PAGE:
Contracts are tools to help you do business.
Your contract must perform for you on your projects – it should be easy to use and responsive to your and your clients’/suppliers’ business needs.
We could spend a long time debating which are the most critical terms in a contract. Even the respondents to World Commerce and Contracting’s regular contract negotiation survey disagree between the terms which are most important, most negotiated and most disputed.
However, in the interests of keeping things simple, here are my top 4 to consider:
- does your contract set out the key objective for the project (pick one of time, cost, quality or other)?
- are your payment terms understood by everyone in your business responsible for financial matters?
- does your contract include a flexible change process to take account of the unexpected (like a global pandemic)?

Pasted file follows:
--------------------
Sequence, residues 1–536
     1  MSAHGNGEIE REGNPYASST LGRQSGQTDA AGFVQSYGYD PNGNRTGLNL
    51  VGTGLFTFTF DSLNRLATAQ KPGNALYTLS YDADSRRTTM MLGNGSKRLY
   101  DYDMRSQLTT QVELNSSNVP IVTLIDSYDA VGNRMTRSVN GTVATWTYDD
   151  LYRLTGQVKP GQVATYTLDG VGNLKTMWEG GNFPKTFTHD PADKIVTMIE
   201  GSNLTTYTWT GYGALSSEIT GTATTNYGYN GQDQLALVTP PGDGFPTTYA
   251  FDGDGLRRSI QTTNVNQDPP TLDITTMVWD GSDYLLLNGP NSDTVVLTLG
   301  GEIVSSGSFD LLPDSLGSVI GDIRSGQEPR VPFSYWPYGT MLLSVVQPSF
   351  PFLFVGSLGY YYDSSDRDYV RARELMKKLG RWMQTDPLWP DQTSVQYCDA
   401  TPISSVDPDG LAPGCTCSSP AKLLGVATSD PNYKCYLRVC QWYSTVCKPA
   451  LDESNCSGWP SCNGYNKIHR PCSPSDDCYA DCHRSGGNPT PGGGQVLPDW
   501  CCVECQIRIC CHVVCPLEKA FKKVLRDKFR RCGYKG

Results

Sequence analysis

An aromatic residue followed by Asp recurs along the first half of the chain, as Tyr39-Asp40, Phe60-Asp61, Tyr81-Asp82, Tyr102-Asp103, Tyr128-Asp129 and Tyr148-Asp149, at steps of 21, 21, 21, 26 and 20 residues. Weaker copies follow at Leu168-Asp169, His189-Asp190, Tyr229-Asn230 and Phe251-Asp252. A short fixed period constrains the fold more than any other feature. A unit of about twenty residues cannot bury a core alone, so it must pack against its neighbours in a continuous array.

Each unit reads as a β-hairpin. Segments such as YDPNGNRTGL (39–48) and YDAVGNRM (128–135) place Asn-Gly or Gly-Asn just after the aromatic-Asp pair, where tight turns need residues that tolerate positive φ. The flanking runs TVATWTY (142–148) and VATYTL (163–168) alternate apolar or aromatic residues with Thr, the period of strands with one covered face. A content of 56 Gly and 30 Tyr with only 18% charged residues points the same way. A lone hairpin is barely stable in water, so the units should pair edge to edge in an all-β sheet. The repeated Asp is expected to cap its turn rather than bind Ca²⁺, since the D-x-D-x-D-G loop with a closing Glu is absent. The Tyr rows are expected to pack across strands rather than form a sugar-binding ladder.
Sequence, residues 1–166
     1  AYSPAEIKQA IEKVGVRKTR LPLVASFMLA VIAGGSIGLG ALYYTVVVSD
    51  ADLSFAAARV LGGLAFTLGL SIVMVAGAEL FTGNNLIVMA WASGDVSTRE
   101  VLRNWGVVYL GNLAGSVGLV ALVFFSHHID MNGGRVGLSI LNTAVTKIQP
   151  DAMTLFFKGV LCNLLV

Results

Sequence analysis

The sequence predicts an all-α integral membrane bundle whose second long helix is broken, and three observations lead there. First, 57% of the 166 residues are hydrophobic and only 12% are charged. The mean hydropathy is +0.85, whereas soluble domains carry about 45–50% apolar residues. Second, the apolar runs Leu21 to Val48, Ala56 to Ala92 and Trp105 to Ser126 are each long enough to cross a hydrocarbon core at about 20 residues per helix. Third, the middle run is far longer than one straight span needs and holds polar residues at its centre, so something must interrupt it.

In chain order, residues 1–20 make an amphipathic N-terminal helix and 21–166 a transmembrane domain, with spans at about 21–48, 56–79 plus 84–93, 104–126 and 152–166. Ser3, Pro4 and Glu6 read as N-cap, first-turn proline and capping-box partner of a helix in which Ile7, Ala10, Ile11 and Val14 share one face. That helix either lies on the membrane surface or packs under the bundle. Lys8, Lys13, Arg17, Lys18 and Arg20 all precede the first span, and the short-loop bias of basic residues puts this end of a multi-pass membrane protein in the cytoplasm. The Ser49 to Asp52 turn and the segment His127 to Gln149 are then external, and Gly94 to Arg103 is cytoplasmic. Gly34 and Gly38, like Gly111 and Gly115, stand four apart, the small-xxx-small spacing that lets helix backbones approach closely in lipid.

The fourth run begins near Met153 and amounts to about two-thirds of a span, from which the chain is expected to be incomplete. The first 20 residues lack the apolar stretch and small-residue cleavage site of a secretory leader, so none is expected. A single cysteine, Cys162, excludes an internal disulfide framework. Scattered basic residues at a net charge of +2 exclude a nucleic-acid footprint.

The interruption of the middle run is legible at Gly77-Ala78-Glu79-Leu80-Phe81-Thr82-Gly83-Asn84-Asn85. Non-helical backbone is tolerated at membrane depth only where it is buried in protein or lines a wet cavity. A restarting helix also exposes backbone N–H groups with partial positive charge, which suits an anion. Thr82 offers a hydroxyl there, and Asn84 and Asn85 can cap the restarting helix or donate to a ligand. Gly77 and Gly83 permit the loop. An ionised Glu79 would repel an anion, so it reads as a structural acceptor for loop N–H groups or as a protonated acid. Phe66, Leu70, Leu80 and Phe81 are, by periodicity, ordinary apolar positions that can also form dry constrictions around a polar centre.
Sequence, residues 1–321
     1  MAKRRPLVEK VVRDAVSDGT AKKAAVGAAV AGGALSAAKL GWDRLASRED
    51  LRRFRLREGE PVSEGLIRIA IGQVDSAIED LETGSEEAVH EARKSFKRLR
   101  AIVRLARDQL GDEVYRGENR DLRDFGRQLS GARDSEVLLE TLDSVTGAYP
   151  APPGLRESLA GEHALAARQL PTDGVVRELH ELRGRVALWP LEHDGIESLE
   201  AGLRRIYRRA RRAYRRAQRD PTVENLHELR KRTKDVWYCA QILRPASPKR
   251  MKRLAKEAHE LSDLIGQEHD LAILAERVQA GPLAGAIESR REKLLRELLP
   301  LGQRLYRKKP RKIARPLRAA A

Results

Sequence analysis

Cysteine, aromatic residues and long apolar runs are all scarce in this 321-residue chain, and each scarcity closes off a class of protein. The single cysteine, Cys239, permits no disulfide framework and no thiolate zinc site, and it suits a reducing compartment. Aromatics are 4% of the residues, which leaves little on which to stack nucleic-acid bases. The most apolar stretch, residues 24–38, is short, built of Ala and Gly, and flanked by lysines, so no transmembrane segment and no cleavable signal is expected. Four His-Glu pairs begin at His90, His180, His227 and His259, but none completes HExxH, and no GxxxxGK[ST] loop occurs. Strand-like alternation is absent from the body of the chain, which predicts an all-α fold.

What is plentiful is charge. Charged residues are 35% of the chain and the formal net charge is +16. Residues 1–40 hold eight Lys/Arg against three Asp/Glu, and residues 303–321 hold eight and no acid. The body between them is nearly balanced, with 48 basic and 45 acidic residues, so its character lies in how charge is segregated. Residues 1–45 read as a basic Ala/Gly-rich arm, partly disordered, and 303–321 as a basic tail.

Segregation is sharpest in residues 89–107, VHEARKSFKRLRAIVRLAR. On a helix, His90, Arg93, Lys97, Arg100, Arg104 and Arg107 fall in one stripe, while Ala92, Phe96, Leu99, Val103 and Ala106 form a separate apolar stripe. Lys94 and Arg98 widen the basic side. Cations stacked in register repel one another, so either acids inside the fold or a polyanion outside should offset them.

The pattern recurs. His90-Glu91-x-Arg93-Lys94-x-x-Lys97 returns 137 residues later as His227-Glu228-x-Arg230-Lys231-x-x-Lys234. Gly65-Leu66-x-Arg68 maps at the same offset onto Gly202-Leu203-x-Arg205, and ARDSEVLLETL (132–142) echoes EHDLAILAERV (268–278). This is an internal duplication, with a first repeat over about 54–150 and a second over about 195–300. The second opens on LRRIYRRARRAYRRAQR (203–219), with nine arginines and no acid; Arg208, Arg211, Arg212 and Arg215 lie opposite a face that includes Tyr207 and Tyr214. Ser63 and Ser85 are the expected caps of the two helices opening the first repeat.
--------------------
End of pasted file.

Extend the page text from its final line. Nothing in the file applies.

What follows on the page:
- does your contract include a limit on the provider’s liability?
Interestingly, limits on liability are the most negotiated terms across all jurisdictions and all sectors according to the World Commerce and Contracting Most Negotiated Terms Report (available to members). For me, they balance the provider’s risk with its reward and prevent companies betting their business on a project.
Poor payment and change mechanisms drive the majority of disputes as well as contributing to massive amounts of friction on a project. It is critical that these are right as they matter on a day-to-day basis to both parties.
And setting out the key objective means both parties are working towards a clear known goal – and that objective will also dictate the client’s priorities when changes are reviewed and implemented. It is far better to know this before you start!
What should you do?
Ask your team to tell you which elements of contracts are the most frustrating and annoying in their role and fix those first. Make them practical for you and your clients/suppliers. Make sure your contract works for you and helps you do business.